Public infrastructure spending from all levels of government totaled $416 billion in 2014—$41 billion (9 percent) less than its peak of $457 billion in 2003 (solid blue line in the figure; Congressional Budget Office [CBO] 2015). This total includes spending on highways, mass transit, rail, aviation, ports, waterways, dams, and water supply networks. As shown in the figure, total public spending on infrastructure as a share of GDP (dashed blue line) peaked in the late 1950s, during the initial stages of construction of the Interstate Highway System. Since the mid-1980s, however, total public spending as a share of GDP has remained relatively flat.

Infrastructure spending by the federal government, as indicated by the solid green line, has been relatively flat over the past thirty-five years, equaling about $96 billion in both 1979 and 2014. Some of this money covers direct outlays on capital and operations and maintenance, but much of it is in the form of grants and loan subsidies to state and local governments. In 2014 these intergovernmental transfers constituted 70 percent of federal infrastructure dollars; 90 percent of these funds went specifically to capital projects rather than to operations and maintenance (CBO 2015).

The majority of infrastructure spending consists of funds raised by state and local governments—reflected in the figure as the difference between the blue and green lines—and is used primarily for operations and maintenance. Over the past thirty-five years, this category of spending nearly doubled from $170 billion to $320 billion. Because federal spending was flat, the share of overall infrastructure spending coming solely from state and local governments increased from 63 percent in 1980 to 77 percent in 2014.

Fact 2. The Highway Trust Fund is at its lowest balance since 1969, and is set to run out of money by summer of 2015.

Figure 2. Highway Trust Fund expenditures have exceeded revenue since 2008, requiring transfers from the General Fund in order to keep the account solvent.

The HTF, established by the Federal-Aid Highway Act of 1956, was the first dedicated funding source for highway construction and maintenance (U.S. Department of Transportation [USDOT] 2015a). Supported by a federal motor fuels tax—as well as additional taxes on tires and trucks—the HTF’s revenue helps pay for federal highways and, through grants to other levels of government, many state roads as well. Since 1982 HTF revenues have also been set aside to support mass transit (USDOT 2015a).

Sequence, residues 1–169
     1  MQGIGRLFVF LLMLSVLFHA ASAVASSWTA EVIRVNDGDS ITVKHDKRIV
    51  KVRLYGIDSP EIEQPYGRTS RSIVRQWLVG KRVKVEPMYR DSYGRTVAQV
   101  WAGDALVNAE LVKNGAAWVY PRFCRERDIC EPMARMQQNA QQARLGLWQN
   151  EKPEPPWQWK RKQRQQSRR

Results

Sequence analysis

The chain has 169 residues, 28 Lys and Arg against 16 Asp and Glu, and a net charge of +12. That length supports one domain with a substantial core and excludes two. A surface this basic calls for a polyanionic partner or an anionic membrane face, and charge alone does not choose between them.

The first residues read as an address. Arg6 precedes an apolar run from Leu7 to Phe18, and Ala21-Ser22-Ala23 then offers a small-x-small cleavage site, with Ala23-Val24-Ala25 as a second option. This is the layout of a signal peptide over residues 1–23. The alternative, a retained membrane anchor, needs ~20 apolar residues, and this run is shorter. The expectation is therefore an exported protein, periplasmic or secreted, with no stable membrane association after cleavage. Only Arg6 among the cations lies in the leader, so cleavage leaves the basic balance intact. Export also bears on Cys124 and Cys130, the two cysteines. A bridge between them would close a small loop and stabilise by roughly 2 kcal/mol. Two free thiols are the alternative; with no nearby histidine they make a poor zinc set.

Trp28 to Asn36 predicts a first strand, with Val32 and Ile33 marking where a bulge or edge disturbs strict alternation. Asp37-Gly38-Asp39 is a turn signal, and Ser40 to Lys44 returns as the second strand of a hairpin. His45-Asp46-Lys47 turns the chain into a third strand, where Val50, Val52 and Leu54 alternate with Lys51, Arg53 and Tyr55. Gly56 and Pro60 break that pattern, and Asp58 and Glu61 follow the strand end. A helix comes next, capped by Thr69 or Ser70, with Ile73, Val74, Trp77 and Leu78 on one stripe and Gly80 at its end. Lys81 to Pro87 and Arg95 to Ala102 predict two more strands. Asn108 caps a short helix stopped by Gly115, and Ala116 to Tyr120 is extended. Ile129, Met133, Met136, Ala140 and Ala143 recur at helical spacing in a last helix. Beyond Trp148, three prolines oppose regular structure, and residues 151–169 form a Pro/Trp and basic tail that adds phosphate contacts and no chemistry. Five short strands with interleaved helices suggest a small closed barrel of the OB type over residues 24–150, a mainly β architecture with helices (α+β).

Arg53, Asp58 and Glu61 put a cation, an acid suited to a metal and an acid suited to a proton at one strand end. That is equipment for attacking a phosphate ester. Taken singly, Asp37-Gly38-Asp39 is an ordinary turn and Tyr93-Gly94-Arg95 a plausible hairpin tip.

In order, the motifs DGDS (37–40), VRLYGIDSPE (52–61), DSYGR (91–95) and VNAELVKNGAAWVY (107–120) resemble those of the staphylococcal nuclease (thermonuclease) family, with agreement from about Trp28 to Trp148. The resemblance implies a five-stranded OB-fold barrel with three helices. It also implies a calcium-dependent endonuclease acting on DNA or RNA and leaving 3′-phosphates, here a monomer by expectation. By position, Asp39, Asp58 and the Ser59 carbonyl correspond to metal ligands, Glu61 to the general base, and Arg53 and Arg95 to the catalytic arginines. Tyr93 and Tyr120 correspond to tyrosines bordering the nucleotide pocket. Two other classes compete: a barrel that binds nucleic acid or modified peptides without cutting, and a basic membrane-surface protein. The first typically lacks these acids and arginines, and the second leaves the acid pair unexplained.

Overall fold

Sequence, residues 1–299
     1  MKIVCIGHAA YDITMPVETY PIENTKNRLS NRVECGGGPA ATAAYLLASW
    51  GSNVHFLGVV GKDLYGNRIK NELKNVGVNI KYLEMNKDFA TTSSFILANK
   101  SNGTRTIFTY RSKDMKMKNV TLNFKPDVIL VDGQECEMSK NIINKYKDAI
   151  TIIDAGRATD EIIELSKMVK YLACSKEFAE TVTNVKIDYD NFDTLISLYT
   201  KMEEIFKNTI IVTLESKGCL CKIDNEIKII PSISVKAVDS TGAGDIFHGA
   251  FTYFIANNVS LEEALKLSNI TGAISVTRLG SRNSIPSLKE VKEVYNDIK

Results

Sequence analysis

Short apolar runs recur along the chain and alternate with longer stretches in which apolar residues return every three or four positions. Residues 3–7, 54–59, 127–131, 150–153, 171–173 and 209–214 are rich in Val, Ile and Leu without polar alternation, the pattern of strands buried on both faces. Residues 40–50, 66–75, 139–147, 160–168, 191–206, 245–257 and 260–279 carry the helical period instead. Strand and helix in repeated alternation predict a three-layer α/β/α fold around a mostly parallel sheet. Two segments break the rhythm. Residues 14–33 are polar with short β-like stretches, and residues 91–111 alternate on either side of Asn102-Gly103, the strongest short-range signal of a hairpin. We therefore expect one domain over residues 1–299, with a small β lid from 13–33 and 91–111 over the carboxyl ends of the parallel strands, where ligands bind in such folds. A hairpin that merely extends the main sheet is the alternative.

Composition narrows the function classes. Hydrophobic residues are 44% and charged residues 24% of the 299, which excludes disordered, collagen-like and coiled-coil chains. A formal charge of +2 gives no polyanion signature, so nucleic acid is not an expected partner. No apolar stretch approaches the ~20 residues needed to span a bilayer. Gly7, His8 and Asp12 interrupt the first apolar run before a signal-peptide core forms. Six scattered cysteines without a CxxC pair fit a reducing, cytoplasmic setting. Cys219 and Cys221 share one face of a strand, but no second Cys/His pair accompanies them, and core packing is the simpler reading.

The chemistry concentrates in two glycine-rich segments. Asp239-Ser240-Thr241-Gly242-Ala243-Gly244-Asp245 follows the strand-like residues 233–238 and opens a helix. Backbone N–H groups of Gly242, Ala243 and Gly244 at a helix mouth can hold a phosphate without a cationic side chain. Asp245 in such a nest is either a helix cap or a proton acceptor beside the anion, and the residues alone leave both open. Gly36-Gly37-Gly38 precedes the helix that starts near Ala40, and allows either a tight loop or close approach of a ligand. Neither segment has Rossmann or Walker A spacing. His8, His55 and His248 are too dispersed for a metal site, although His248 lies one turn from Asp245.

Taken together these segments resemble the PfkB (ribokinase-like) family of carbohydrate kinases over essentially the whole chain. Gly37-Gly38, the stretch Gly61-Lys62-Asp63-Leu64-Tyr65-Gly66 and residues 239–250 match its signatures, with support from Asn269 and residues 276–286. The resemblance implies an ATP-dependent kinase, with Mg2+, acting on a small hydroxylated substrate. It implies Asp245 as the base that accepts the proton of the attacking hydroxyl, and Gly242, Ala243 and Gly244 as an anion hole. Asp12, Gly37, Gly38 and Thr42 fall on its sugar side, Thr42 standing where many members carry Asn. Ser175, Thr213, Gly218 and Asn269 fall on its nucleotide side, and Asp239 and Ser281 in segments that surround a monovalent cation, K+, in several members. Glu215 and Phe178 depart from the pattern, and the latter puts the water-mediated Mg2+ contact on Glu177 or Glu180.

For most of its history, the HTF was well in the black, even as the Interstate Highway System was being built. Over the past fifteen years, however, expenditures have routinely exceeded revenues (as shown by the dashed purple line’s position below the horizontal axis). As a consequence, the HTF’s balance (shown by the blue line) has plummeted to levels last reached in the late 1960s. This resulting shortfall has led Congress to make repeated transfers from general revenue to keep the HTF solvent (the green line). If these transfers do not continue, the HTF is expected to be bankrupt by summer of 2015 (CBO 2014).

If avoiding dependence on transfers from the General Fund is a future objective of the HTF, increasing the federal tax on gasoline is one way to achieve it. The federal tax on gasoline has been fixed at 18.4 cents per gallon (in nominal terms) since 1993, even as average fuel efficiency has improved and the growth in total miles driven has slowed (USDOT 2014b, 2015b). The CBO estimates that raising the gas tax by between 10 and 15 cents per gallon would be sufficient to cover expected HTF shortfalls over the next ten years (CBO 2014).

Fact 3. Truck and rail together accounted for 90 percent of the total freight moved in 2011, up from 70 percent in 1980.

Figure 3. From 1980 to 2011 the volume of freight shipped by truck and rail has roughly doubled.